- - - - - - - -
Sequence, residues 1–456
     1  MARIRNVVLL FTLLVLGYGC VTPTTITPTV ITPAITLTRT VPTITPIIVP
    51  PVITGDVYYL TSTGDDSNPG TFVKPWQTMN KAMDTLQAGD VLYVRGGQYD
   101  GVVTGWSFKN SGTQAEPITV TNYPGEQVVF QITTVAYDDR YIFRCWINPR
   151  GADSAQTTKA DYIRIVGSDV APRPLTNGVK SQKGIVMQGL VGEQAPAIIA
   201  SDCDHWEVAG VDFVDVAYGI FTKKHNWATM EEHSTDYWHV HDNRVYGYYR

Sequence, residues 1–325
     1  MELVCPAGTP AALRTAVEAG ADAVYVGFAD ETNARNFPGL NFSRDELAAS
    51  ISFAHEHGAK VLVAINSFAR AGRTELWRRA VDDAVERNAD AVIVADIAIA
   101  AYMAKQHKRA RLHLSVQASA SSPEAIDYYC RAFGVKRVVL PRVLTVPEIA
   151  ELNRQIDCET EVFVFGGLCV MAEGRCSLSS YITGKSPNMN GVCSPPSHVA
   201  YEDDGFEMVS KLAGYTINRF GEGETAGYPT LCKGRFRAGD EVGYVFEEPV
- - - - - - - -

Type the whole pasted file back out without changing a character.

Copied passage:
Sequence, residues 1–456
     1  MARIRNVVLL FTLLVLGYGC VTPTTITPTV ITPAITLTRT VPTITPIIVP
    51  PVITGDVYYL TSTGDDSNPG TFVKPWQTMN KAMDTLQAGD VLYVRGGQYD
   101  GVVTGWSFKN SGTQAEPITV TNYPGEQVVF QITTVAYDDR YIFRCWINPR
   151  GADSAQTTKA DYIRIVGSDV APRPLTNGVK SQKGIVMQGL VGEQAPAIIA
   201  SDCDHWEVAG VDFVDVAYGI FTKKHNWATM EEHSTDYWHV HDNRVYGYYR

Sequence, residues 1–325
     1  MELVCPAGTP AALRTAVEAG ADAVYVGFAD ETNARNFPGL NFSRDELAAS
    51  ISFAHEHGAK VLVAINSFAR AGRTELWRRA VDDAVERNAD AVIVADIAIA
   101  AYMAKQHKRA RLHLSVQASA SSPEAIDYYC RAFGVKRVVL PRVLTVPEIA
   151  ELNRQIDCET EVFVFGGLCV MAEGRCSLSS YITGKSPNMN GVCSPPSHVA
   201  YEDDGFEMVS KLAGYTINRF GEGETAGYPT LCKGRFRAGD EVGYVFEEPV